نتیجه گیری انگلیسی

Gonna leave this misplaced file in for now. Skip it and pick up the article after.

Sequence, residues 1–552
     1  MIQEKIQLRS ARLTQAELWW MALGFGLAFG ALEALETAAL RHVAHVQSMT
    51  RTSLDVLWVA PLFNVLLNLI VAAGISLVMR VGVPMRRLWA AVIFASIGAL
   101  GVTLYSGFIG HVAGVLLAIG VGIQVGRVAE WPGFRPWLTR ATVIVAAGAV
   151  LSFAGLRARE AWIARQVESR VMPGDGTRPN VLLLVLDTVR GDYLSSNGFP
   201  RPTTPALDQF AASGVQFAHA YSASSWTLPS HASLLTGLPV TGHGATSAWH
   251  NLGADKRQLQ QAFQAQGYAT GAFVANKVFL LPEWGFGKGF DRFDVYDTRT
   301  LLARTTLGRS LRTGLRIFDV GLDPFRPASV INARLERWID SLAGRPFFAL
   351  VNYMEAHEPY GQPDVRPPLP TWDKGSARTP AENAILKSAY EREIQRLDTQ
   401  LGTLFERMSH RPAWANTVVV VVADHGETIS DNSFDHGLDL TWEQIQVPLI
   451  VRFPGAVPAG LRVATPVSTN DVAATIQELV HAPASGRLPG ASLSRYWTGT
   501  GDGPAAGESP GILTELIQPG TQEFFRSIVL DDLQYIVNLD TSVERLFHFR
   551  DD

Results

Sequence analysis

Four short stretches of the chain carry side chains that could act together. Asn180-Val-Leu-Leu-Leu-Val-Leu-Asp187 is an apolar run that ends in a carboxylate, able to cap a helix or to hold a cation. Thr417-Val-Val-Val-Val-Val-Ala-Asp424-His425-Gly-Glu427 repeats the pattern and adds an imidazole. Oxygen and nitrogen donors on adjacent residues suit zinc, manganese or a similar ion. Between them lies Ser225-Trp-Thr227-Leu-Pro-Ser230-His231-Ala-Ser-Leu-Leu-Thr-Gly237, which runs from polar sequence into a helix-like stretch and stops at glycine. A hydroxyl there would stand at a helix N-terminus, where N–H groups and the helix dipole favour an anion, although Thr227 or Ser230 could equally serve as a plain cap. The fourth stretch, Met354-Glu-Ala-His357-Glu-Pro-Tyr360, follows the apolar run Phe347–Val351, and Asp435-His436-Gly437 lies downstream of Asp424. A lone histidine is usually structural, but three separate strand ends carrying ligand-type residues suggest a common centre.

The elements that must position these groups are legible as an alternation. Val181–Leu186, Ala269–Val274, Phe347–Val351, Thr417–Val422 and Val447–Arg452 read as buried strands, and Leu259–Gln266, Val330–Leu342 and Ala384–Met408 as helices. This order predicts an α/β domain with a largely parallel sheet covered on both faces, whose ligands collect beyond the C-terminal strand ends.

In this paper, we have used the Panzar–Rosse method to assess competition in the banking industry in China from 1996 to 2000 in various ways. The Chinese banking system as a whole is in a state of near perfect competition, with a higher degree than other countries shown in previous studies. H-statistic is used in many previous studies that make international comparisons, such as Claessens and Laeven (2004) or Bikker and Haaf (2002). However, it is necessary to focus attention on differences in market structure or numerical statements. In this paper, we cannot reject perfect competition in many cases. As a result, we can assert that Chinese banking industry is highly competitive by international standards, for Claessens and Laeven (2004), Bikker and Haaf (2002) and other previous studies have investigated many countries but in almost all cases, perfect competition is rejected. By year, for example, 1996, 1997, 1999 and 2000 featured perfect competition, while 1998 was in monopolistic competition but with a high degree of competition. On the other hand, it is surprising to find that the competition among small banks from 1996 to 2000 was perfect. Since the dummy variables for the four largest banks and for banks that operate over the whole country have little effect on the estimation, we believe the results are robust. From these results, we can surmise that before its accession to the WTO, China's banking industry already had the characteristics of competitiveness. It seems that opening the Chinese banking market to foreign firms will not promote further competition in China, though it might have effects on firms’ financing. However, there are some problems in this paper, such as the fact that data on wages and salaries, and long time series data are not available. If these problems can be solved, the competitiveness of the Chinese banking industry could be estimated much more correctly. It would also be meaningful to test the competitiveness after China's accession to the WTO (after 2001), and the competitiveness of other developing countries.